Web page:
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THOMAS WARTON.

WRITTEN AT WINSLADE, IN HAMPSHIRE.

WINSLADE, thy beech-capt hills, with waving grain
Mantled, thy chequer'd views of wood and lawn,
Whilom could charm, or when the gradual dawn
'Gan the grey mist with orient purple stain,
Or evening glimmer'd o'er the folded train :
Her fairest landscapes whence my Muse has drawn,
Too free with servile courtly phrase to fawn,
Too weak to try the buskin's stately strain :
Yet now no more thy slopes of beech and corn,
Nor views invite, since He far distant strays,
With whom I trac'd their sweets at eve and morn,
From Albion far, to cull Hesperian bays;
In this alone they please, howe'er forlorn,
That still they can recall those happier days.

THOMAS WARTON:

ON BATHING,

When late the trees were stript by winter pale,
Young Health, a dryad-maid in vesture green,
Or like the forest's silver-quiver'd queen,
On airy uplands met the piercing gale ;
And, ere its earliest echo shook the vale,
Watching the hunter's joyous horn was seen.
But since, gay-thron’d in fiery chariot sheen,
Summer has smote each daisy-dappled dale,
She to the cave retires, high-arch'd beneath
The fount that laves proud Isis' towery brim :
And now, all glad the temperate air to breathe,
While cooling drops distil from arches dim,
Binding her dewy locks with sedgy wreath,
She sits amid the quire of Naiads trim,

THOMAS WARTON.

written ON A BLANK LEAF OF DUGDALE'S MONASTICON.

Deem not, devoid of elegance, the sage,
By fancy's genuine feelings unbeguild,
Of painful pedantry the poring child,
Who turns, of these proud domes, th' historic page,
Now sunk by time, and Henry's fiercer rage.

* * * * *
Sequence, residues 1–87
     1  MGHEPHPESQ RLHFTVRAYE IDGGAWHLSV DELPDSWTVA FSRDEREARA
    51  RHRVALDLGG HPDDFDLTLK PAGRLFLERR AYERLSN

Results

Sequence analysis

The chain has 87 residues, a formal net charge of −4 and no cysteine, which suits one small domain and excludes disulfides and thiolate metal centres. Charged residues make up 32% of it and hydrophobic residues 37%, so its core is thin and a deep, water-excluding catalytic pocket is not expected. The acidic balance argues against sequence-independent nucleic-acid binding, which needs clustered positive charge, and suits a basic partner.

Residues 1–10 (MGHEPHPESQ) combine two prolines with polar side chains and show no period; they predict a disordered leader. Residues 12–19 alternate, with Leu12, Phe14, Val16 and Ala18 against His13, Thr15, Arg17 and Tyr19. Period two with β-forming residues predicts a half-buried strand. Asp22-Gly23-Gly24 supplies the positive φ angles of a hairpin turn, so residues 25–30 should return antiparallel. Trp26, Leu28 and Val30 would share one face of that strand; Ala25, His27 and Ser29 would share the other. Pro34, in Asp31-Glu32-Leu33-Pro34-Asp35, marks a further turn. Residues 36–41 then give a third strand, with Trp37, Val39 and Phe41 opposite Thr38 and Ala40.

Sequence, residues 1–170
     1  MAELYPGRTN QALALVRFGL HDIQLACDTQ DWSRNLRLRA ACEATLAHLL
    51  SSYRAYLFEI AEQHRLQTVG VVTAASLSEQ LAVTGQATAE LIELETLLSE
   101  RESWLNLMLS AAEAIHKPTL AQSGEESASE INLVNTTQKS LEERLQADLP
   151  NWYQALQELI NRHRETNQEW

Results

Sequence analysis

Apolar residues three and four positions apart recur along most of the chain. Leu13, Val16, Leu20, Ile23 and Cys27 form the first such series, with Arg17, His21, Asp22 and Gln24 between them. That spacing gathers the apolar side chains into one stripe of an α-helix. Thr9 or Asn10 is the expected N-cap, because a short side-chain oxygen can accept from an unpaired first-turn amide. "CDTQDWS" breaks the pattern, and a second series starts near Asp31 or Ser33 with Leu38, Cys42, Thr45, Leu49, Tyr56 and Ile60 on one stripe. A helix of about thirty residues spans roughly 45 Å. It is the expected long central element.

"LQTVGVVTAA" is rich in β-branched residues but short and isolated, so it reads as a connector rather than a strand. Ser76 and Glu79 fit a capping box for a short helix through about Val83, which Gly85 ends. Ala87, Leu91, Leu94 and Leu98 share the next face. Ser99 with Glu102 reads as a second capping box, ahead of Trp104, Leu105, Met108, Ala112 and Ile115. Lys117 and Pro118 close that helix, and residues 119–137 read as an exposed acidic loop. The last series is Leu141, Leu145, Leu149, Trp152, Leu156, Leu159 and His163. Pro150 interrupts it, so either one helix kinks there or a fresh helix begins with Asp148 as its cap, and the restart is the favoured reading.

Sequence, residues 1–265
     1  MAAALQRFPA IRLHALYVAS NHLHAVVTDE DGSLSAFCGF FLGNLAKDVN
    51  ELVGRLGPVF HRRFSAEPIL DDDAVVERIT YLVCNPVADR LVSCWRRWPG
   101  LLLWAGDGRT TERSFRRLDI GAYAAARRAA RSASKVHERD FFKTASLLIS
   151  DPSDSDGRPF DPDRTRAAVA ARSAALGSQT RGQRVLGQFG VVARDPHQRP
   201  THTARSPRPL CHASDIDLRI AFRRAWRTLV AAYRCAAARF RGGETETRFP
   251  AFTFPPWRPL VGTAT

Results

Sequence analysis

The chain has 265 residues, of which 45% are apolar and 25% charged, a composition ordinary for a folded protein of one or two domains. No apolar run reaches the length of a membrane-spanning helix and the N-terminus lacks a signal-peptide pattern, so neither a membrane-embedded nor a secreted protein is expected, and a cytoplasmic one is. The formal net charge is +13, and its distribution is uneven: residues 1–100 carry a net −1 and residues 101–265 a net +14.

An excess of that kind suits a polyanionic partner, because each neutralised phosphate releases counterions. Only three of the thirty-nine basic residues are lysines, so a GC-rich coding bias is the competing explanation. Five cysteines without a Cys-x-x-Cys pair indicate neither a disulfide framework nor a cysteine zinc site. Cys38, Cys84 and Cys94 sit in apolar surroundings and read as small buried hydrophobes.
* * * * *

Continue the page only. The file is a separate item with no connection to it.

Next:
Think'st thou the warbling Muses never smild
On his lone hours? Ingenuous views engage
His thoughts, on themes, unclassic falsely styl’d,
Intent. While cloister'd Piety displays
Her mouldering roll, the piercing eye explores
New manners, and the pomp of elder days,
Whence culls the pensive bard his pictur'd stores.
Nor rough, nor barren, are the winding ways
Of hoar Antiquity, but strown with flowers.

THOMAS WARTON.

WRITTEN AT STONEHENGE.

Thou noblest monument of Albion's isle !

Whether by Merlin's aid from Scythia's shore,
To Amber's fatal plain Pendragon bore,
Huge frame of giant-hands, the mighty pile,
Tentomb his Britons slain by Hengist's guile;
Or Druid priests, sprinkled with human gore,
Taught ʼmid thy massy maze their mystic lore;
Or Danish chiefs, enrich'd with savage spoil,
To Victory's idol vast, an unhewn shrine,
Rear'd the rude heap; or in thy hallow'd round,
Repose the kings of Brutus' genuine line ;
Or here those kings in solemn state were crown'd;
Studious to trace thy wondrous origine,
We muse on many an ancient tale renown'd.

THOMAS WARTON.

WRITTEN AFTER SEEING WILTON-HOUSE.

From Pembroke's princely dome, where mimic Art
Decks with a magic hand the dazzling bowers,
Its living hues where the warm pencil pours,
And breathing forms from the rude marble start,
How to life's humbler scene can I depart!
My breast all glowing from those gorgeous towers,
In my low cell how cheat the sullen hours !
Vain the complaint: for Fancy can impart
(To Fate superior and to Fortune's doom)
Whate'er adorns the stately-storied hall:
She, 'mid the dungeon's solitary gloom,
Can dress the Graces in their Attic pall ;
Bid the green landscape's vernal beauty bloom,
And in bright trophies clothe the twilight wall,

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